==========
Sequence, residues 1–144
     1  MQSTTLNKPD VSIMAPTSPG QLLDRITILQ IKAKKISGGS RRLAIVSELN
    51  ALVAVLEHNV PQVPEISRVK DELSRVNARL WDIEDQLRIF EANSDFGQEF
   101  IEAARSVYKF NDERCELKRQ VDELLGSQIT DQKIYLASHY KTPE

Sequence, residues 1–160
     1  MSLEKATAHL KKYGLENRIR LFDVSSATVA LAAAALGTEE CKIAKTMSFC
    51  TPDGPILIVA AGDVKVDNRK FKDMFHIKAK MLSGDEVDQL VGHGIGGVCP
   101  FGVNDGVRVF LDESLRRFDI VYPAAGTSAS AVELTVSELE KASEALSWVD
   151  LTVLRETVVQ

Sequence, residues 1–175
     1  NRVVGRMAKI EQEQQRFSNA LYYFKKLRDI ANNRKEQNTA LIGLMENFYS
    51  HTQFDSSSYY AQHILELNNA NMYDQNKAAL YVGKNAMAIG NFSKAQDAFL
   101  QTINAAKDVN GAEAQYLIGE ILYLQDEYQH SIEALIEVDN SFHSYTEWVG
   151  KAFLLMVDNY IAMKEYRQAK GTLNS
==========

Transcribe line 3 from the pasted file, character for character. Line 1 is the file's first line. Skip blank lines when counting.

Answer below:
    51  ALVAVLEHNV PQVPEISRVK DELSRVNARL WDIEDQLRIF EANSDFGQEF